Why the RBA isn't rushing to lift interest rates

Picture: Getty Images
  • Like Australia, New Zealand’s jobs market has been running hot over the past year.
  • New Zealand unemployment currently sits at just 4.4%, below the level where wage pressures are expected to accelerate.
  • Australian unemployment remains well above the point where wage growth is expected to accelerate, explaining why wage and inflationary pressures remain weak.

Like Australia, New Zealand’s jobs market has been running hot over the past year.

According to data released by Statistics New Zealand (StatsNZ) today, employment growth surged by 3.1% over the past 12 months in seasonally adjusted terms, including a 0.6% increase in the March quarter.

Despite an increase in labour force participation over the year, lifting 0.2 percentage points to 70.8%, the surge in employment saw unemployment tumble to just 4.4%, the lowest level in nearly a decade.

It now sits well below the 4.7% rate the Reserve Bank of New Zealand (RBNZ) deems to be the labour market’s non-accelerating inflation rate of unemployment (NAIRU), the level where wage pressures are likely to accelerate.

However, there’s a problem.

Like so many other developed economies in recent years such as the US, UK and Japan, wage pressures in New Zealand remain close to non-existent.

According to StatsNZ, its labour cost index (LCI) rose by 0.3% in the March quarter, leaving the increase on a year unchanged from the December quarter at 1.8%.

Without a large legislated pay increase for care and support workers last year, StatsNZ said LCI would have increased by just 1.6% over the year.

As seen in the chart below from StatsNZ, despite unemployment remaining below NAIRU for several quarters, both wage and inflationary pressures in New Zealand remain incredibly weak.

Source: StatsNZ

And that brings us to Australia, where similar trends have been evident in recent years.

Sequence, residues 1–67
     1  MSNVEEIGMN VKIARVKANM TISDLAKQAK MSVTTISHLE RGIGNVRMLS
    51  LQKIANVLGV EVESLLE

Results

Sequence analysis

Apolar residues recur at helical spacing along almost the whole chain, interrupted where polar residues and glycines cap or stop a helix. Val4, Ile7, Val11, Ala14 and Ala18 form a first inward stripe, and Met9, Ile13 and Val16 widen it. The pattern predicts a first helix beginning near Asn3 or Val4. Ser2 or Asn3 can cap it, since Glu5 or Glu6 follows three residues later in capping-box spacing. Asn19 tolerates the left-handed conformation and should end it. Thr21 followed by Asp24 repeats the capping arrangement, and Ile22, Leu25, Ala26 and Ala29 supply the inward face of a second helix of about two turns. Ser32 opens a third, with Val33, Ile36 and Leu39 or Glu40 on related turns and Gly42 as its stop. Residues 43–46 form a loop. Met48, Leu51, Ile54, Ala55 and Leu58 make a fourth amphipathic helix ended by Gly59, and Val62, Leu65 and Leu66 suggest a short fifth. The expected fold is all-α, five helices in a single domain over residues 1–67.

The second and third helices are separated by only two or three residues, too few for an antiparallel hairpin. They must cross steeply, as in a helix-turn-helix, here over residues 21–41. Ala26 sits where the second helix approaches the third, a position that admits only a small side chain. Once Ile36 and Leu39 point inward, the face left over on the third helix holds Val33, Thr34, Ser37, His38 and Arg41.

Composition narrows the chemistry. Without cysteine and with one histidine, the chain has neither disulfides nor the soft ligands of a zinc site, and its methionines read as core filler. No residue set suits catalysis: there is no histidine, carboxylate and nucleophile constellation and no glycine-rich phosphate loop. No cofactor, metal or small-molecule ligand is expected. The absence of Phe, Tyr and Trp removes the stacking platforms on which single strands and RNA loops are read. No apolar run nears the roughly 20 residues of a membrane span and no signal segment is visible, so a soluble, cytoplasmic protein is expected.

Even with strong employment growth over the past year, Australia’s unemployment rate still sits at 5.5%, well above the 5% level the Reserve Bank of Australia (RBA) estimates as Australia’s NAIRU level.

Like New Zealand, strong population growth — primarily through increased migration — has helped to boost the size of Australia’s labour force, keeping unemployment higher than what would otherwise have been the case given strength in employment growth.

And with unemployment currently sitting well above its estimated NAIRU level, that’s undoubtedly contributed to some of the weak wage and inflation outcomes seen in over the past few years.

As the RBA has documented on countless occasions in recent months, it expects that unemployment will gradually move lower as economic growth strengthens, helping to boost wage and inflationary pressures in the coming years.

That, in theory, makes sense.

However, if the example from New Zealand and other advanced economies is anything to go by, it’s questionable as to just how fast any increase in wage growth will be in the period ahead.

Not only is unemployment still some 0.5 percentage points above the level where wage growth is expected to accelerate, no one can say with any certainty, including the RBA, as to whether it will accelerate if unemployment moves back towards, or below, 5%.

NAIRU is only an estimate, not a given. You only know when it’s been hit after wage data confirms labour costs are accelerating.

Things like the Phillips Curve, which looks at the relationship between unemployment levels and wage growth, are useful in helping to estimate where it’s likely to sit, but even it has weakened in the years following the global financial crisis.

Given recent trends both in Australia and abroad, it’s now increasingly uncertain as to when wage and inflationary pressures will build.

With unemployment still well above Australia’s estimated NAIRU level, and given the heightened level of uncertainty, that explains why the RBA is currently in no rush to lift official interest rates.

It also means that upcoming labour market data, especially Australia’s Wage Price Index, has taken on increased significance when it comes to the outlook for monetary policy settings.

The latest version of that report, capturing wage movements in the March quarter, will be released on May 16.

On the current evidence, it’s unlikely to deliver welcome news for workers.

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